I do too, that is the problem. But that doesn’t mean it has to be an hour’s drive. From here, there is a big difference between flying to FL and flying to CA. We are just starting the process and without a “career focus” it’s been quite challenging to narrow it down.
What kinds of schools are you thinking of? Arts & Science? Business? Engineering? Education? Health Sciences? Nursing? Big? Small? Urban? Rural?
You mentioned that he’d like to play hoops. Div I? D II? D III?
Preference for geography? If not East Coast, then where?
State school? Private?
In my son’s class of 150, the kids went to 123 (or something like that) different schools, so I don’t think they were all being directed to the same places. With that said, there were a few schools that attracted a ton of interest. All were urban and bigger, so I think anonymity was feeling very attractive after BS life!
Check out the book, Colleges that Change Lives: 40 schools that will change the way you think about colleges, by Loren Pope. It discusses some great hidden gems, separated by region.
I kinda like this source-
They have a book, too, that profiles many schools, but you can get lots of “best of” lists to get you started. I like them because they approach it from a return on investment angle - so slightly different than USNWR. They also don’t rank, so much as list.
If you are interested in a particular geographical area or state, niche does rankings that way. Also by major and many other ways to sort. As always, take rankings with a grain of salt.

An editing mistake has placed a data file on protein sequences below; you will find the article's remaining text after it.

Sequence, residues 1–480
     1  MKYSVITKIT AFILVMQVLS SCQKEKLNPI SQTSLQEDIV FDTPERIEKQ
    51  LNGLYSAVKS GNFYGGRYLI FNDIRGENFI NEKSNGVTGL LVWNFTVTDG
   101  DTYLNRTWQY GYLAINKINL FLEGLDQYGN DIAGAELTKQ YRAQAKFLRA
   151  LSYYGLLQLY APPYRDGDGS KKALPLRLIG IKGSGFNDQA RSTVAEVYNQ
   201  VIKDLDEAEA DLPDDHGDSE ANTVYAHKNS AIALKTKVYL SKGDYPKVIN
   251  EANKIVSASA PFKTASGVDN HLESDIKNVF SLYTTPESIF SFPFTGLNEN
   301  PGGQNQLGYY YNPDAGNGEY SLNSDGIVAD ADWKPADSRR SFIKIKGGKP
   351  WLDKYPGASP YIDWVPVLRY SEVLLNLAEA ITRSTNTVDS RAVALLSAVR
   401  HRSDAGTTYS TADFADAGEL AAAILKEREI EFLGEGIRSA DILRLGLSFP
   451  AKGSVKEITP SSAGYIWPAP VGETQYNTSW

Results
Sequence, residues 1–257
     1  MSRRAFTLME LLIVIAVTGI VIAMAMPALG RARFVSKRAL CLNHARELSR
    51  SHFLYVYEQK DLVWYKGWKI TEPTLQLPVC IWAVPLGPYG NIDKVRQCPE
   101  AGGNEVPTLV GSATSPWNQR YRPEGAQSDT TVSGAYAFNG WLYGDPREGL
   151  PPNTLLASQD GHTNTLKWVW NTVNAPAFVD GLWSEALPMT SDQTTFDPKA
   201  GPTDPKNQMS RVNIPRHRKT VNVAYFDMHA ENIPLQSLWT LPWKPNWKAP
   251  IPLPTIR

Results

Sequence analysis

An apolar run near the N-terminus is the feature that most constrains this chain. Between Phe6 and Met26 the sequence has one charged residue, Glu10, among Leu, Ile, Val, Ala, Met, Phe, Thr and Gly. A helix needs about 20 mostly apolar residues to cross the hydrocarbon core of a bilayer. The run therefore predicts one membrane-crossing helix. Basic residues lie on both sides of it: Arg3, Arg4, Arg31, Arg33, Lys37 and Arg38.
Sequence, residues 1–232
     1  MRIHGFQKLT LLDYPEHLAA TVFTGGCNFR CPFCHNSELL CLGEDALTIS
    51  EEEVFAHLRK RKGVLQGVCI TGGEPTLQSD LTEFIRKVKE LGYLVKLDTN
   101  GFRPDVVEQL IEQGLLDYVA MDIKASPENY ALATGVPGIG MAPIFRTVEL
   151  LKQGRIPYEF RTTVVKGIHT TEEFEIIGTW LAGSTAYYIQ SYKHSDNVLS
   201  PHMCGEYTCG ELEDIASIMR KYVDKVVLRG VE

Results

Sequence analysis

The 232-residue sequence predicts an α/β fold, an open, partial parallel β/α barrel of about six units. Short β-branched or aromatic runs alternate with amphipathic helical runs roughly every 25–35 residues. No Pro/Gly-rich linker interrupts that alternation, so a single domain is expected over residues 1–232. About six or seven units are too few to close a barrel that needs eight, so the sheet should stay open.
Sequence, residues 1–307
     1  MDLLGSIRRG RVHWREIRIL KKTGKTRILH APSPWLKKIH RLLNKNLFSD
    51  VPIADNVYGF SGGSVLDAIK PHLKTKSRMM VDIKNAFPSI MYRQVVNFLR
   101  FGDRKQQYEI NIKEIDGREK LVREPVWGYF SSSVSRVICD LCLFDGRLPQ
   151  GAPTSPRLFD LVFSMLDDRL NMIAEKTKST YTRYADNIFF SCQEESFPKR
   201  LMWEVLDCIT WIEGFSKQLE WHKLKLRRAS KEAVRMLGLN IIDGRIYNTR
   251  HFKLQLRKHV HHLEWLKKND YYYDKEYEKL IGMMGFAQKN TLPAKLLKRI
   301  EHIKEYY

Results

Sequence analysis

If you want to chase merit scholarships, there is a fantastic thread on the big board from a parent (username Kevin something) whose daughter attended a bs, but he didn’t think the counselors there could give him the help he needed to find affordable schools.
Also, try Selingo who wrote who gets in and why. He talks about “buyers” and “sellers”.
On average, sellers admit less than 20% of applicants, while colleges as a whole admit two-thirds. When sellers make an offer, nearly 45% of students accept, compared with a quarter for buyers. And only 7% of the financial aid sellers give out to students is a merit-based discount, compared with nearly one-third of aid at buyers.
He’s got a free download here to sort by his criteria:
In an ideal reality, yes. The many responses in this thread may help you feel otherwise, or at least understand better why this is not the case for some. It certainly helped me understand (including the reality that I have the privilege of being able to approach college location for my kids without geographic limit).
It’s perfectly obvious why some consider location, @DroidsLookingFor, and not always for financial reasons.
Why should location be irrelevant? It is a big part of the college experience. Some kids want to stay close to home, some want to go far away. Some want to be in a big city, some like beautiful campus in the middle of nowhere. Some want winter, so don’t. It is a very easy way to narrow down the list if you have location preferences. And size of the school preferences.